Here's the Citizen Kane trailer for those who didn't see it on Facebook. The sound quality's not as good as I'd like (my narration is a little too echo-chamber sounding) but that should, hopefully, improve with time. Enjoy.

Wednesday, May 19, 2010

"Perhaps, one day, we will be friends..."

"Someone remind me why we made this door so big."


Since King Kong's release in 1933, viewers have asked, sometimes mockingly, "If you built a massive wall to keep Kong out, why, in God's name, did you make a door big enough for him to get in?!" It's a logical question. After all, if any one of the villagers needs to get outside to take a stroll or have a picnic it's a simple matter of installing a 7 foot door, or doors, along the wall. Building a conveniently sized 40 foot door seems to defeat the purpose of the wall. But maybe not.

I believe the villagers are extending a welcome to Kong, albeit a guarded one. They are saying, "Now, right now, we are enemies. You are big and powerful and can eat us. Or step on us. Or even throw us around. But one day, far off in the future, perhaps, we will be friends. We will invite you to dinner and for you to accept and actually attend, you'll need to get through the wall. No problem. We already have a door big enough for you to do just that. It's locked right now but one day, we hope, it will be open."

Kong relieves himself outside the wall. Hey, when you gotta go, you gotta go.


I imagine every time Kong came to get a fresh bride he looked at that door and thought, "I've got to get past my anger for these people. They want me to know I'm welcome but for now, at least, I cannot be, for I hate them."

Kong does eventually come through that door and gets gassed for his troubles.

What might have been.

"Up yours, jerkwads!" Kong gives everyone the finger upon his triumphant entry.

Friday, May 14, 2010

The Cinephile Emerges

It's been over two weeks and it's time to get back down to business. Cinema Styles will be returning to full time posting starting this Monday. I enjoyed a somewhat successful hiatus; the story I was working on is pretty much complete with but a few changes necessary before sending it off to my friend for the screenplay part of it all but the short film I'd hoped to finish seems like an aimless disaster to me at this point. I can't get my mind around it no matter how hard I try and forcing inspiration isn't very... inspiring. Still, I'll keep at it.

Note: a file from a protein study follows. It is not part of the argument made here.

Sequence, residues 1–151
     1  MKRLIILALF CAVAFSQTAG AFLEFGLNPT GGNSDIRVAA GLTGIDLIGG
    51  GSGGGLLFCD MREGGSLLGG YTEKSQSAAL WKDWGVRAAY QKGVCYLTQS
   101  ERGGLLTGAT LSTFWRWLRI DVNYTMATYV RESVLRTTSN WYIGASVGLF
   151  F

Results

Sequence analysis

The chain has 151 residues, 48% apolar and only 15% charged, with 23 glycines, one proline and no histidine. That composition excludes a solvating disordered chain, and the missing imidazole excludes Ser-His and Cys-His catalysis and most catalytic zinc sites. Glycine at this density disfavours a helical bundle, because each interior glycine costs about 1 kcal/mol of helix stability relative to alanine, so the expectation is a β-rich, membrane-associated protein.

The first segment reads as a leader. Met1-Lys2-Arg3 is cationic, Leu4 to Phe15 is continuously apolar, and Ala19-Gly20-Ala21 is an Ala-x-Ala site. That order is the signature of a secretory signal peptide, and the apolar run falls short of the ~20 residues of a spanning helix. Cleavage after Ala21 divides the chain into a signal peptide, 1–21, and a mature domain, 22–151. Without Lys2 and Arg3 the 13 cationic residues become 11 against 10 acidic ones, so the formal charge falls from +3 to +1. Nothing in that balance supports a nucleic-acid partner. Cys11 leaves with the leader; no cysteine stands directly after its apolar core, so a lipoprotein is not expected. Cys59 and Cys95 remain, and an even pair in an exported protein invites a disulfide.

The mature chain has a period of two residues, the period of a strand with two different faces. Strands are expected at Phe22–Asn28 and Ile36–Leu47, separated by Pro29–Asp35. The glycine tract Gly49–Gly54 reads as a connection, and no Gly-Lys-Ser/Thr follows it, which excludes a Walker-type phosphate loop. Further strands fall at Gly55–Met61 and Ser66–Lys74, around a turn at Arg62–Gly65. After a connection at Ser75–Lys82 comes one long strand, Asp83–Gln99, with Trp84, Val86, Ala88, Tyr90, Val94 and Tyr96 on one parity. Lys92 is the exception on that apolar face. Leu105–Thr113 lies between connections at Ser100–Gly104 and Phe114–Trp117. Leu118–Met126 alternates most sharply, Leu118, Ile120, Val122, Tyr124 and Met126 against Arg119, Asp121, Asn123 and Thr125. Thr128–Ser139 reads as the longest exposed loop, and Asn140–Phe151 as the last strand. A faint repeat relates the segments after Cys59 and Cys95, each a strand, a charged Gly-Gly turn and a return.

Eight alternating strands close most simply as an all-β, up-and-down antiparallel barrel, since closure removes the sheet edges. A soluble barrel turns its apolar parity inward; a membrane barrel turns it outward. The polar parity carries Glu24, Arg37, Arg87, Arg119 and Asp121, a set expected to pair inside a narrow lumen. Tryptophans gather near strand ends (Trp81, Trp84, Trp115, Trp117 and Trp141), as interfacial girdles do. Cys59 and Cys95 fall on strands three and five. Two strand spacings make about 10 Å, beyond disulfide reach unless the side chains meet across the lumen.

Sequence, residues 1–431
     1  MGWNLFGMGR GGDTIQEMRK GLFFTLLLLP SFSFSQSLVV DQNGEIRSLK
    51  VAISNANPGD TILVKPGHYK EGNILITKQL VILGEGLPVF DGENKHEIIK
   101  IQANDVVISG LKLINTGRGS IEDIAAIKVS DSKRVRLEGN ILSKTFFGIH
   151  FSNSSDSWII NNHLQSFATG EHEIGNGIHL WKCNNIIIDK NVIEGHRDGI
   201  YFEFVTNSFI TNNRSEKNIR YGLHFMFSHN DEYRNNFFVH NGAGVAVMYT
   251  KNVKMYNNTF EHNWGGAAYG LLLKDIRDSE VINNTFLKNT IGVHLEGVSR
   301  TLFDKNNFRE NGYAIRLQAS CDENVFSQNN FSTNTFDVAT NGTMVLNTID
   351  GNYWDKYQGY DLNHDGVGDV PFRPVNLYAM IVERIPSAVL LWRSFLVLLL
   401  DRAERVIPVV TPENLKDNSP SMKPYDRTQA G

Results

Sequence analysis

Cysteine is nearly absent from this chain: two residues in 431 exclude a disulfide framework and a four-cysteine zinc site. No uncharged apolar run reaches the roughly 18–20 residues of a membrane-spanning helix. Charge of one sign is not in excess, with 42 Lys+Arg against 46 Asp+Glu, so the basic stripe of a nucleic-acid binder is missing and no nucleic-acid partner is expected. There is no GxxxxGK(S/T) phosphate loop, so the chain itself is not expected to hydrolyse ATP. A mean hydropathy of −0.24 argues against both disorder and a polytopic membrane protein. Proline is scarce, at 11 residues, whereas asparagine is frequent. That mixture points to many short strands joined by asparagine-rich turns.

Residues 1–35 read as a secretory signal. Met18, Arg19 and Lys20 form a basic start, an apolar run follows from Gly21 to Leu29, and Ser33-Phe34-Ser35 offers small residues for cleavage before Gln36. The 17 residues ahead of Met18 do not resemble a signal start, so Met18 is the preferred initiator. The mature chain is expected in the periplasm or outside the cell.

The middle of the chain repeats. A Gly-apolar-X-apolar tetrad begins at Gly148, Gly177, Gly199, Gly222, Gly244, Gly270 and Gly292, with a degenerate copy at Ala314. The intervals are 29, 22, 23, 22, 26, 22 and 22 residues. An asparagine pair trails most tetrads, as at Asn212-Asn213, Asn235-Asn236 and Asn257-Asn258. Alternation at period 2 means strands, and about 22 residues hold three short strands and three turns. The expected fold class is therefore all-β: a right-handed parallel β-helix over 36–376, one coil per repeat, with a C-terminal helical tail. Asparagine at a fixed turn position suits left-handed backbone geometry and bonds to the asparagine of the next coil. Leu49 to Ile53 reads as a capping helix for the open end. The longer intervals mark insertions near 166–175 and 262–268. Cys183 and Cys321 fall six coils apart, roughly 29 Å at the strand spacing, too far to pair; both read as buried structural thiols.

In my time away from Cinema Styles I watched many movies but mainly documentaries, on subjects ranging from the Manhattan Project (for the millionth time) to Howard Zinn to Sacco and Vanzetti to revisiting Ken Burns' superb The Civil War. I also re-watched Malcolm X and was more impressed by Denzel Washington's performance this time than I was when I first saw it. Also, it's one of the few biopics that doesn't feel like pure drudgery even if it does follow the standard mold. And it does but it does so with a vigor absent from so many biopics outside of the more recent The Aviator which I also liked much better the second time I saw it.

That's it for now. Next week more posts and more video, including a new The Land Before CGI. Have a good weekend everyone!

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pictured above is producer Darryl Zanuck studying a map at a Normandy beach entrenchment for his 1968 television special Revisiting D-Day.